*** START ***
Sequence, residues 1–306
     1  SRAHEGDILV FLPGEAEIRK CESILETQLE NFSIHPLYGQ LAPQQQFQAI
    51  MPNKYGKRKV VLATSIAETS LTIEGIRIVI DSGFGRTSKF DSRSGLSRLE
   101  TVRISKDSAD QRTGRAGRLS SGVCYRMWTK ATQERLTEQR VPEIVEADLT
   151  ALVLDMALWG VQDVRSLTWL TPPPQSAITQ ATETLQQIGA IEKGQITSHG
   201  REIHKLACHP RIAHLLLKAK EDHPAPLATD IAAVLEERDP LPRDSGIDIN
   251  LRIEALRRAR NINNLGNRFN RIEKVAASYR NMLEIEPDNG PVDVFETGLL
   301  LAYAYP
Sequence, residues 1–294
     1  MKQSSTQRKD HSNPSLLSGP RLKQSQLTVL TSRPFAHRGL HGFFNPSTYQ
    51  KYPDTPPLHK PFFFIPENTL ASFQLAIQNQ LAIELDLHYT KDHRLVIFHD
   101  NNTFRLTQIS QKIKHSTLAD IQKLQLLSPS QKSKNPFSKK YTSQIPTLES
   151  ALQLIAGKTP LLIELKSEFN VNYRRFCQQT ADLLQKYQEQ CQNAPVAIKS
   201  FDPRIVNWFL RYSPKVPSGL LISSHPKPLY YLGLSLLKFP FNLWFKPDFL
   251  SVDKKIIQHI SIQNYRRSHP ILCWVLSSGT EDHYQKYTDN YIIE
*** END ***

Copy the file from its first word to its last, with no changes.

Sequence, residues 1–306
     1  SRAHEGDILV FLPGEAEIRK CESILETQLE NFSIHPLYGQ LAPQQQFQAI
    51  MPNKYGKRKV VLATSIAETS LTIEGIRIVI DSGFGRTSKF DSRSGLSRLE
   101  TVRISKDSAD QRTGRAGRLS SGVCYRMWTK ATQERLTEQR VPEIVEADLT
   151  ALVLDMALWG VQDVRSLTWL TPPPQSAITQ ATETLQQIGA IEKGQITSHG
   201  REIHKLACHP RIAHLLLKAK EDHPAPLATD IAAVLEERDP LPRDSGIDIN
   251  LRIEALRRAR NINNLGNRFN RIEKVAASYR NMLEIEPDNG PVDVFETGLL
   301  LAYAYP
Sequence, residues 1–294
     1  MKQSSTQRKD HSNPSLLSGP RLKQSQLTVL TSRPFAHRGL HGFFNPSTYQ
    51  KYPDTPPLHK PFFFIPENTL ASFQLAIQNQ LAIELDLHYT KDHRLVIFHD
   101  NNTFRLTQIS QKIKHSTLAD IQKLQLLSPS QKSKNPFSKK YTSQIPTLES
   151  ALQLIAGKTP LLIELKSEFN VNYRRFCQQT ADLLQKYQEQ CQNAPVAIKS
   201  FDPRIVNWFL RYSPKVPSGL LISSHPKPLY YLGLSLLKFP FNLWFKPDFL
   251  SVDKKIIQHI SIQNYRRSHP ILCWVLSSGT EDHYQKYTDN YIIE